Up you go: The Melbourne Storm's Tohu Harris experiences some heavy lifting during his side's clash with Canterbury. Photo: Getty Images
For Melbourne Storm, this is the week of the crazy eights. The Storm has an 8-8 record, sits in eighth place and has eight games left to play.
For the first time in several seasons it faces the prospect of not making the finals but, in fairness, the Storm also still has a chance at making the top four if it can win the majority of its remaining matches.
In a season where the Storm's form has regularly been called "inconsistent" and "frustrating", Saturday's clash with the Canberra Raiders at AAMI Park needs to be the start of a return to traditional values.
For the Storm that means winning matches and contending for the premiership.
Storm football manager Frank Ponissi believes his club's record is a reflection of the club's roller coaster season.
"Right now our performances have been 50-50 and that is where our record is and where we are on the ladder," Ponissi said.
"That is us and the results don't lie.
"We know if we string wins together we will end up higher, and if we continue like we have then we will finish eighth or even outside the finals."
The Storm has almost its full playing list available and gave veteran state of origin stars Cameron Smith, Billy Slater and Ryan Hoffman four days leave to rest after the origin series finished.
All three have been named to face the Raiders, who beat the Storm in Canberra earlier this season and have won at their past three visits to AAMI Park.
With lively full-back Anthony Milford and a host of tricky players in their side, the Raiders will ask some big questions of the Storm.
Ponissi said the challenge had been put to the Storm to match last round's impressive defensive performance against the Canterbury Bulldogs while also creating regular scoring opportunities.
"Our coach Craig Bellamy has challenged the players to back it up this week. Last match was by far our best defensive performance of the season," Ponissi said.
The NRL has dubbed this weekend as the "RiseForAlex" round with the league raising money for injured Newcastle forward Alex McKinnon who fractured two vertebrae in his neck while playing against the Storm earlier this season.
McKinnon is still in a wheelchair but has pledged to do everything he can to walk again.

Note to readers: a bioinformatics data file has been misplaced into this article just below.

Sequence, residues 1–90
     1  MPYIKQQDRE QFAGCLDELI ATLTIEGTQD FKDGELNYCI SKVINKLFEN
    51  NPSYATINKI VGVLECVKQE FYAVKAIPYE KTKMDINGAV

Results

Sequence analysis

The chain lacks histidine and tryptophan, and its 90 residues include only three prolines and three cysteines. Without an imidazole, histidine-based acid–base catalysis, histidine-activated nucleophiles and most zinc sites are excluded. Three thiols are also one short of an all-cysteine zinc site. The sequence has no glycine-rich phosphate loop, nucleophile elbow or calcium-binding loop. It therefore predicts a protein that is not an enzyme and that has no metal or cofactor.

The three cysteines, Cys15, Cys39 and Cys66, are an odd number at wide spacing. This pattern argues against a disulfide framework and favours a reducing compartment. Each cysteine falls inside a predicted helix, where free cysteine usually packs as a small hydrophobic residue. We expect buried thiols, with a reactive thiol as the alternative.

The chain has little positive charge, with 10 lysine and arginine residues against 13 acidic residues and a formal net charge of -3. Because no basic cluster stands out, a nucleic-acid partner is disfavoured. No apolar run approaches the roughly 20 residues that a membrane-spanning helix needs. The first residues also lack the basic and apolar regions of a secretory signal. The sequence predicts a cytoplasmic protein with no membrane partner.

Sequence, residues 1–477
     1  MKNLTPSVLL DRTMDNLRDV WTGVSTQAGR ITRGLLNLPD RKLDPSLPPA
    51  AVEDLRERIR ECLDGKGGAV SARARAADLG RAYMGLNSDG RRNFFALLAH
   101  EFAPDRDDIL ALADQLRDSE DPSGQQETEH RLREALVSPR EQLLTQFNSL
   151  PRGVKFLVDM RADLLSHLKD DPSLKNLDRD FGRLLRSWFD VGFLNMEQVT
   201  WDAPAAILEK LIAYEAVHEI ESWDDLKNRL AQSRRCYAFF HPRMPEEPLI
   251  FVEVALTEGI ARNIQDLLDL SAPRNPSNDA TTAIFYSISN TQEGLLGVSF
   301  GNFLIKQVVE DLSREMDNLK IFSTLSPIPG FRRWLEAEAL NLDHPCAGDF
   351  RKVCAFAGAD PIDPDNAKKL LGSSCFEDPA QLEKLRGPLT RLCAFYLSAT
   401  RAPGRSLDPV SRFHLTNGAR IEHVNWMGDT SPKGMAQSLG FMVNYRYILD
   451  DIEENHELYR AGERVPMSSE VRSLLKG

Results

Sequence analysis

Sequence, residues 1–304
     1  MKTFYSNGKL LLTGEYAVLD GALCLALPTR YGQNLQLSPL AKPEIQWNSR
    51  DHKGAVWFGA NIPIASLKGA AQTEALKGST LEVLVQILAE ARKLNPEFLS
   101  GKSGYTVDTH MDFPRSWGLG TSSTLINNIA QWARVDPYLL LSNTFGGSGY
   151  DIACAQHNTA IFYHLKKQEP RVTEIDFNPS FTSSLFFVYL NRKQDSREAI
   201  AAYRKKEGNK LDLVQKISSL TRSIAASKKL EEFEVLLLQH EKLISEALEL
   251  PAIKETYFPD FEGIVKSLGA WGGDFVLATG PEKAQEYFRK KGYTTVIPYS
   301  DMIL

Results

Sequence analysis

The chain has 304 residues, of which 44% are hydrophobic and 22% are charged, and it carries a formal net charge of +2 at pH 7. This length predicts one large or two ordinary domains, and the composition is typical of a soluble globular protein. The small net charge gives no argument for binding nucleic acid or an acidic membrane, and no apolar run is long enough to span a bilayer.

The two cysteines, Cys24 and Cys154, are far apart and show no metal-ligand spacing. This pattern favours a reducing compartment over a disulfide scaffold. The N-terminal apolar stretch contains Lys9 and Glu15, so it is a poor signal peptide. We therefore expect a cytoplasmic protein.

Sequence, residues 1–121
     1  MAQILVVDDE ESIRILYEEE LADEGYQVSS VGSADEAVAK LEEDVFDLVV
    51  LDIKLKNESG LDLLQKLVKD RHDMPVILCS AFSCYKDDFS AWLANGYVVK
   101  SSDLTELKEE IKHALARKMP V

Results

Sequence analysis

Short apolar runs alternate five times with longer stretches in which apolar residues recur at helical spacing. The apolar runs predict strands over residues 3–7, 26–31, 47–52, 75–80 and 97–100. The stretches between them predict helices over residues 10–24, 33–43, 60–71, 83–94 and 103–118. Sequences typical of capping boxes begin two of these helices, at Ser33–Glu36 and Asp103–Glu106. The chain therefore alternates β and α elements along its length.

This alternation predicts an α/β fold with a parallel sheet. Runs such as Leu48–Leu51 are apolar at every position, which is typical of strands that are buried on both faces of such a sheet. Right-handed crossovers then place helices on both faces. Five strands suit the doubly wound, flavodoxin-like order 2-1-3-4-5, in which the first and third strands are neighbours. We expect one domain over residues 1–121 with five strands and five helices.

The NRL will donate a dollar for every supporter who attends a game while supporters can also buy a #RiseforAlex wristband at matches.
The Knights will also host a special concert for McKinnon at their home game on Sunday.
The Storm's Smith and North Queensland superstar Jonathan Thurston will also both ditch their usual number and wear McKinnon's No. 16 this weekend. Ponissi said he hoped Melbourne fans flocked to the game.
McKinnon's injury also hit the Storm hard with young forward Jordan McLean suspended for seven matches for his part in the tackle that left McKinnon injured.
"I'd say we did it tough early, I can't say that it didn't effect us. It effected the players and effected the staff - it has to," Ponissi said.
"But we are really, really conscious not to make that too public because sympathy should all be with Alex, his family and the Newcastle club. We didn't want to be distract from that.
"But one thing the boys have done really well is rallied around Macca [Jordan McLean] - we just stayed tight.
"I think our club and our players have handled this difficult situation brilliantly."
Hoffman said the players would do everything they could to support RiseForAlex and he also hoped it would push the game to better support all players who suffer career-ending injuries.
"It's a great what the NRL is doing with RiseForAlex and I hope its a catalyst for the NRL to push to help a lot of injured players who unfortunately had to retire due to injury," Hoffman said.
"We are all quite happy to support it so he gets all the funding he needs to get himself right."
Hoffman said players such as Simon Dwyer, Liam Fulton and others whose careers ended due to injury should not be forgotten with the game needing better insurance and support mechanisms for such injuries.
"I think everyone from the NRL to the ARLPA need to all come together and look after the players who have had retire due to injury," Hoffman said.
"It's a whole of rugby league issue; not just an NRL or players association issue."